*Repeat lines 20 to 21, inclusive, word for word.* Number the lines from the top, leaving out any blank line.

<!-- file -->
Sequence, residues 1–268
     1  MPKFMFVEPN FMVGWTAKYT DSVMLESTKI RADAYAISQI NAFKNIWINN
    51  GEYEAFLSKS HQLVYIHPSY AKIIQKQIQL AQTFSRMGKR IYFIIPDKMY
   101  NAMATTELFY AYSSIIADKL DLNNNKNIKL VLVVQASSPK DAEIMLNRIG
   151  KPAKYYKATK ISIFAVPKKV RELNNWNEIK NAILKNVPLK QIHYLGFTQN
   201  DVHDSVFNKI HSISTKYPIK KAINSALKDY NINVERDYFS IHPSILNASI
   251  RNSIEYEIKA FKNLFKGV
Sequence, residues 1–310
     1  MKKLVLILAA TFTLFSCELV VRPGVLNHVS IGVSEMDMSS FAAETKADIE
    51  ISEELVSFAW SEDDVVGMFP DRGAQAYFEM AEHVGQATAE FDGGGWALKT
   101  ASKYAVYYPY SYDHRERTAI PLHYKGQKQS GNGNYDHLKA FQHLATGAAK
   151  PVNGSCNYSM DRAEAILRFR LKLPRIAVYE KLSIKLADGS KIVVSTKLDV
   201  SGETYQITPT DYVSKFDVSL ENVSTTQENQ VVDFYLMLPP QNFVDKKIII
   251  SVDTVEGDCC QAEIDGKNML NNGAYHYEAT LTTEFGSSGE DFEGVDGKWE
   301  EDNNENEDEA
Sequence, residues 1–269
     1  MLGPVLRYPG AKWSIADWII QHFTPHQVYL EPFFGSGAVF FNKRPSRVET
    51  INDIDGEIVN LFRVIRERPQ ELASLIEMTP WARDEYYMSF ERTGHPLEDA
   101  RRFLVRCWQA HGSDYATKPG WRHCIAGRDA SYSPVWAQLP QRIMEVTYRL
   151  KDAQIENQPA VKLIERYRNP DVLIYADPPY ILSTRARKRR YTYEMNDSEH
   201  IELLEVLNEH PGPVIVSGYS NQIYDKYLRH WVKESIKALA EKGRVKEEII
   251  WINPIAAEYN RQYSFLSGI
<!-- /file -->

   151  KDAQIENQPA VKLIERYRNP DVLIYADPPY ILSTRARKRR YTYEMNDSEH
   201  IELLEVLNEH PGPVIVSGYS NQIYDKYLRH WVKESIKALA EKGRVKEEII